Book of Mormon
Fellow Blogger Rochelle Bisson at A Musical Muppet won the Book of Mormon lottery and she kindly took me along to the Prince of Wales Theatre with her. This is the second time I have seen Book of Mormon and this time was from Row A so I got to get up close and personal with the cast.
For those of you that haven’t seen Book of Mormon (is there anyone left out there who hasn’t?) it is not a musical for those easily offended but is hilarious and touching in equal parts. It tells the story of 2 Mormon missionaries, Elder Young and Elder Cunningham who are sent to Uganda to try and spread the word. The village they are sent to however is controlled by a vicious Warlord (General Butt****ing naked) however with some artistic license, Elder Cunningham, the underdog manages to baptize many of the natives, ending with the moral that it doesn’t matter what you believe, so long as you believe in something.
The shows success lies in its balance between utter irreverent mickey taking and it’s brutal honesty which when combined together has the audience laughing and at the same time taking in a more serious underlying message. Often in shows where humour is at the forefront it can lead the music to suffer but the music is brilliantly catchy, so much so that I found myself singing Hasa Diga Eebbowai (highly inappropriate I know) on the train home. I also forgot how funny some of the numbers are. Being very familiar with the sound track ‘Spooky Mormon Hell Dream,’ is often a track that I skip over but I had forgotten how funny it was and is one of those numbers which is 10000% better visually than the song alone. By the end of the number the majority of the audience were howling with laughter.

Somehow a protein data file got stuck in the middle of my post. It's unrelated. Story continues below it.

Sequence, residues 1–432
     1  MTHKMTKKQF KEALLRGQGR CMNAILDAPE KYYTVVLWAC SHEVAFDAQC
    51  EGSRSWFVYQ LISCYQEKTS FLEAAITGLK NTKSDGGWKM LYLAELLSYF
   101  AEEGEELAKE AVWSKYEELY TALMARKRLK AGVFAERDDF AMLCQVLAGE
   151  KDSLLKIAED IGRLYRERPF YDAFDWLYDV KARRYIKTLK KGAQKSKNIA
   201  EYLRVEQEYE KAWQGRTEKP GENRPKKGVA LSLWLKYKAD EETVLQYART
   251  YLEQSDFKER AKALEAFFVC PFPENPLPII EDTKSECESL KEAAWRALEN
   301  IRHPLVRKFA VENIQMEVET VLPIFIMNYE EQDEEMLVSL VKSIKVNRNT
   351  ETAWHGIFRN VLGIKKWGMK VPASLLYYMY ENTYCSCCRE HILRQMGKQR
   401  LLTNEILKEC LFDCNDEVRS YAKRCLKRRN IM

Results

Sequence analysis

The cast are all superb. Nic Rouleau suits the overly confident Elder Price and his big numbers “I Believe” and “You & Me (But Mostly Me)” suit him down to a T. Elder Cunningham was played by Brian Sears and had a slightly different take on the role to the originating West End cast member, Jared Gertner. Brian plays the role, at least in the first act before the character begins to mature, as if he has borderline learning disabilities but his boundless energy soon wins you over. One of the highlights for me was Alexia Khadime’s interpretation of Nabulungi. Her vocals are beautiful and she is brilliantly innocent at the same time delivery the double entrendres in ‘Baptize Me,’ perfectly. Stephen Ashfield also deserves a nod as the repressed Elder McKinley whose comic timing is perfect. That being said all of the Mormon Elders are brilliant and really leave an impression.
I enjoyed this show, as much, if not more than my first visit with the original West End cast which speaks volumes for the energy this show has kept going. If you want a fun night where you may leave with your side hurting from laughing too much this is the perfect show.
Book of Mormon Lottery:
As mentioned above I went on a winning lottery ticket. In order to enter the lottery you can enter online from Wednesday for tickets the following week. Click here to enter. Alternatively you can enter the lottery at the theatre from 2.5 hours before each performance. Lottery tickets are £20 and our seats were at the very end of row A. You got a brilliant view of the cast and save for a few moments where a few props or cast blocked sight lines you had a great view.